Dead Witch Walking is the first book in The Hollows series by Kim Harrison. Since I have read very little urban fantasy and none of the female protagonist centered urban fantasies heavy on vampire/werewolf lore that are popular right now, this was my dare book (also because it is one of Thea’s favorite series). I have always been hesitant to read stories featuring vampires as a part of everyday life, never understanding the appeal of a pasty white guy who leeches onto someone and sucks their blood. Fortunately, although vampires were present in Dead Witch Walking, they were not the only paranormal race and they were not appallingly cheesy. In fact, this supernatural mystery was a lot of fun to read and kept me turning the pages when I should have been writing reviews or cleaning.
The novel is set in modern day Cincinnati but with a twist. After DNA was discovered genetic manipulation became widespread – as did the T4 Angel virus that infects modified tomatoes and is deadly to humans. The virus killed a large percentage of the world’s population, resulting in so few humans that their numbers were approximately equal to the Inderlanders (vampires, werewolves, pixies, witches, fairies, leprechauns, etc.) that had always lived among them. After this, these supernatural races made their presence known and lived openly with the humans, creating an alternate world – and a great fear of genetic engineering and tomatoes by humans.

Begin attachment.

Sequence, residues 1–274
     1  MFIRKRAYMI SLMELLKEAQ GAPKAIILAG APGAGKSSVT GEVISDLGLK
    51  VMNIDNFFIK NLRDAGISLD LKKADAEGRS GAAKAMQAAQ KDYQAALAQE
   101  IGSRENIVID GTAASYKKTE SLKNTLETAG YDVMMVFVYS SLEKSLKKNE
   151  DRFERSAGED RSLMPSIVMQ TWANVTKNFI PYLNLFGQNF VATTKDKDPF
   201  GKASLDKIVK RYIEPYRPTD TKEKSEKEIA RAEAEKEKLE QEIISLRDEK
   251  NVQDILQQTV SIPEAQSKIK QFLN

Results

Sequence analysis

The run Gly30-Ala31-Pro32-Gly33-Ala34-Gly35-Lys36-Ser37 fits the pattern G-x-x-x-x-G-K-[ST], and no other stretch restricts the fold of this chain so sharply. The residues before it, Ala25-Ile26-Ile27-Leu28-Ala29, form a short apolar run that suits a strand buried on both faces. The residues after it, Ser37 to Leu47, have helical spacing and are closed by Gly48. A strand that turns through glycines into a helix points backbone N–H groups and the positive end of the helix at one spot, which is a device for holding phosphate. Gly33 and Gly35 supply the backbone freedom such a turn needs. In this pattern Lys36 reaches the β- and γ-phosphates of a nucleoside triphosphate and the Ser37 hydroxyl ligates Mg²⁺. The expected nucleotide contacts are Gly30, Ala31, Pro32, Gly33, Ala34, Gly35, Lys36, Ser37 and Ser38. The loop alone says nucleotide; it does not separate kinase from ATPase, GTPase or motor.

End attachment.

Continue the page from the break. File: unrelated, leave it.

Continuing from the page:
Rachel Morgan, an earth witch, is a runner for Inderlander Security (I.S.), which enforces the law alongside its human-run counterpart the Federal Inderlander Bureau (F.I.B.). Rachel has come to really hate her job, which has recently gone from solving cases involving ATM thefts and the black market to apprehending college kids using charms to steal cable. Unfortunately, quitting is not an option: the last person who absolved his contract with the I.S. died under mysterious circumstances. At least, it’s not viable until Rachel captures a leprechaun wanted for tax fraud who is accused of “fabricating a rainbow for the purpose of misrepresenting the income generated from said rainbow, failure to file the appropriate requisition forms for said rainbow, failure to notify the Rainbow Authority of said rainbow’s end.” Leprechauns can grant three wishes and this leprechaun is willing to do so in return for her freedom.